Monday, 28 June 2010

Ethical - to be or not be that is the question?

Just as we’ve seen the rise of things like fair trade coffee beans, so the new phrase we’re hearing a lot of at the moment is ethical jewellery. At Dinny Hall we certainly don’t buy blood diamonds or emeralds from cocaine barons, nor do we knowingly exploit anybody in the world but when it comes to ethics I’m not sure how easily one can apply the word to the jewellery industry (or any other industry for that matter). More often than not the word ‘ethical’ is used to describe jewellery as a marketing tool rather than to mean that some regulatory authority has approved the product to be ‘morally correct’ like The Soil Association does with organic food for example.

I do admire anyone who endeavours to buy gold or gemstones ‘ethically’ but to my mind it appears to be almost impossible to achieve. What if I double my carbon footprint by flying all over the world to secure ethically mined gold? How many small gold miners are aware that the cyanide that is pumped out as a by-product of gold mining pollutes the water their children bathe in, as well as damaging the local ecosystem? How can one ethically police such remote places and be entirely sure of the highest moral standards both environmentally and on a human level.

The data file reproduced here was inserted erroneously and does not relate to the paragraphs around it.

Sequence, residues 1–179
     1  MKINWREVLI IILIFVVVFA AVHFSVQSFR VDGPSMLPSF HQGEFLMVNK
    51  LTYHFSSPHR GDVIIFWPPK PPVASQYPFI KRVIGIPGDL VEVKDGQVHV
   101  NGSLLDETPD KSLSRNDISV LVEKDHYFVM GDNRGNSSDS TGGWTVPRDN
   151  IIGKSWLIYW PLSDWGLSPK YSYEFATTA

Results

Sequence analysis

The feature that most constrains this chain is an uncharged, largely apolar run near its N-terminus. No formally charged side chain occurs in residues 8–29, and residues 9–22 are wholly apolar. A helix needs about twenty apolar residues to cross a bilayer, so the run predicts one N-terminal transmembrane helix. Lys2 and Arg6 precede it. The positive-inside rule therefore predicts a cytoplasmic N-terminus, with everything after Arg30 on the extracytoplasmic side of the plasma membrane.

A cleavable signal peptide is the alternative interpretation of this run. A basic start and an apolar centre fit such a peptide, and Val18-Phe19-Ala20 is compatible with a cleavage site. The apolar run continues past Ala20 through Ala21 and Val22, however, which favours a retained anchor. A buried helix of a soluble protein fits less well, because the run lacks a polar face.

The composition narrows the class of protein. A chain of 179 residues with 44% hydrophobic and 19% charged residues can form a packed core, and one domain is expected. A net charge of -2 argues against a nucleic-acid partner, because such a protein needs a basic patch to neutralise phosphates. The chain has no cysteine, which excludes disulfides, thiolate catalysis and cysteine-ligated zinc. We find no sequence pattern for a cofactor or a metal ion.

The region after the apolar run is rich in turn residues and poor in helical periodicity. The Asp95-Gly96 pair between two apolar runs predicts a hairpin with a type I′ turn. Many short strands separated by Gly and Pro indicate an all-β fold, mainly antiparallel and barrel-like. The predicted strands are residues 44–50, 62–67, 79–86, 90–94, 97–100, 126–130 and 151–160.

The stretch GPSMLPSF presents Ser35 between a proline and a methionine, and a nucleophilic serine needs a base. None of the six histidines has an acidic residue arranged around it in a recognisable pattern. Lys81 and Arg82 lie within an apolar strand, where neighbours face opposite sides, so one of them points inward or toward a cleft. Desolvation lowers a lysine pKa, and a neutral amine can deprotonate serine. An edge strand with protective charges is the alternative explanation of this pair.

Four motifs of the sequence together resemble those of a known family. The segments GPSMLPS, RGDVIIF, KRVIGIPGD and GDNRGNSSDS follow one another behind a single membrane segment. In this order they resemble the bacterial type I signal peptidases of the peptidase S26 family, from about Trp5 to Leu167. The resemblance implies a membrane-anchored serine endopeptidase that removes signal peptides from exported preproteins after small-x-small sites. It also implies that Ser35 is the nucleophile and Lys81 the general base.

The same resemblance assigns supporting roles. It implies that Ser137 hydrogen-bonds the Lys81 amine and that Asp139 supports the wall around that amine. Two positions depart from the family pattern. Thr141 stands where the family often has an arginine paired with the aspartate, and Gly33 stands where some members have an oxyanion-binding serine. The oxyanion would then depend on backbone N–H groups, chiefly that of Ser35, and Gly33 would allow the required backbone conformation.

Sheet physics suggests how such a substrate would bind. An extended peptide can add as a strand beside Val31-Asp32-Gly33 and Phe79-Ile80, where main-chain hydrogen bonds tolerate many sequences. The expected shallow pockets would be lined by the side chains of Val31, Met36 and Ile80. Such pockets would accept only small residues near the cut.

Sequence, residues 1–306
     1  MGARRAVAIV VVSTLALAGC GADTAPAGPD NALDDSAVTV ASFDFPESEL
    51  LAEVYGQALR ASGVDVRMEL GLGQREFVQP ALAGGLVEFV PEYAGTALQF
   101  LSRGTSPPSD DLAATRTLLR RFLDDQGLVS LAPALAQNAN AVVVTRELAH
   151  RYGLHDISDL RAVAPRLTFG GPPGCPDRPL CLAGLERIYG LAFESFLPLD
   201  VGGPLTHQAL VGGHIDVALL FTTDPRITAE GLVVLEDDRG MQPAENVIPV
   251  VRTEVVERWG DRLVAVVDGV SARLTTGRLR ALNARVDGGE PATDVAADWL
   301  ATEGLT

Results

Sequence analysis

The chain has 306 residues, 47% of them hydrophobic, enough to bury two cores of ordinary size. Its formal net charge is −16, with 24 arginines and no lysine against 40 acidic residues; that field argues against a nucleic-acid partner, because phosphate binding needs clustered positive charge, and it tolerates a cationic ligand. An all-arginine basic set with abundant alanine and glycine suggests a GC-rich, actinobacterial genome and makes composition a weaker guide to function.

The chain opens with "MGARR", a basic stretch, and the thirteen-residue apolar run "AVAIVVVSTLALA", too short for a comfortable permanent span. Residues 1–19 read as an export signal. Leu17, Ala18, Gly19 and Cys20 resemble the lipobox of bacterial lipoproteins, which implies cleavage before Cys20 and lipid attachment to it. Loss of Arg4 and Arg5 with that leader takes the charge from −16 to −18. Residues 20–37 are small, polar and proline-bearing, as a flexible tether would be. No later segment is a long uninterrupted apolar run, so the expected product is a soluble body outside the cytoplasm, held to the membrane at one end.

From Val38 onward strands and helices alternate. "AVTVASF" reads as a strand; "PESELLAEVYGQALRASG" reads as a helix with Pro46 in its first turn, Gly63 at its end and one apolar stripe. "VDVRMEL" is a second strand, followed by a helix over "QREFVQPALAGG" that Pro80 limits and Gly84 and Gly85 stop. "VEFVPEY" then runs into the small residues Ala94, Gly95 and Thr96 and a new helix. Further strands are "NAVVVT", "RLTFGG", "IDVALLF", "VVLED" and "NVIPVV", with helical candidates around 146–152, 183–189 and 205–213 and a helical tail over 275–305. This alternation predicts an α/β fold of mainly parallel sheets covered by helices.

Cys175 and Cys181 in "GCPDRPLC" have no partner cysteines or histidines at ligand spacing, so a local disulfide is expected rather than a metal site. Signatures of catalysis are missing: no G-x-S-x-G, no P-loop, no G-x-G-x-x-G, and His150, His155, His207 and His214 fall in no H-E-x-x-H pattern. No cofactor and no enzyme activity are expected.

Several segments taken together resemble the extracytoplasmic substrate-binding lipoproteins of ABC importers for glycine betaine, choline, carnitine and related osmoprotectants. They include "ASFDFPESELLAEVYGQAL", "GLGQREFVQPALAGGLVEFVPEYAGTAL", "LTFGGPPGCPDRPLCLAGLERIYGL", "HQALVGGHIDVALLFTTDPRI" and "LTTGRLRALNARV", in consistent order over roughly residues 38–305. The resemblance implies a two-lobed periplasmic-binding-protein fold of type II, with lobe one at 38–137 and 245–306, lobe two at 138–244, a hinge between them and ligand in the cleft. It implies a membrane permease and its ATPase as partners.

I am unconvinced and worry that when it comes to marketing jewellery as ethical it is more often than not just a fashionable bandwagon that’s been jumped onto.

On the subject of gemstones and ethics though I have an old friend called Guy Clutterbuck who, in his youth, reminded me of Indiana Jones, with his tales of riding out with Afghan horsemen to ancient lapis lazuli mines and carrying back rucksacks full of the raw material to the UK. I would have the lapis cut into onion dome shapes in Ipswich (no less) and then set into solid gold; I do so wish that I had kept one pair at least of those earrings. Several swimming pools later, yes whole swimming pools of lapis lazuli, and a few years on Guy now works partly in Zambia where he owns an aquamarine mine, and a chunk of his profits go back into the community to build schools, proper sanitation, help provide clean water. Here I can actually see a truly ethical transaction going on between an individual in the jewellery industry and the miners directly but I cannot vouch for the rucksacks of lapis lazuli or indeed the swimming pools of yester year.


There are of course many other examples of people in the jewellery industry who are genuinely working towards a more ethically sound business and we do our best at Dinny Hall to ensure that our gold and precious gemstones come from sources that we trust to be working toward fair trade globally and look forward to the day when there is an industry wide standard we can all sign up to so that we can all feel a little bit more comfortable that ethical claims have been checked.


Guy Clutterbuck with his friends in Zambia at the Kamakanga mine











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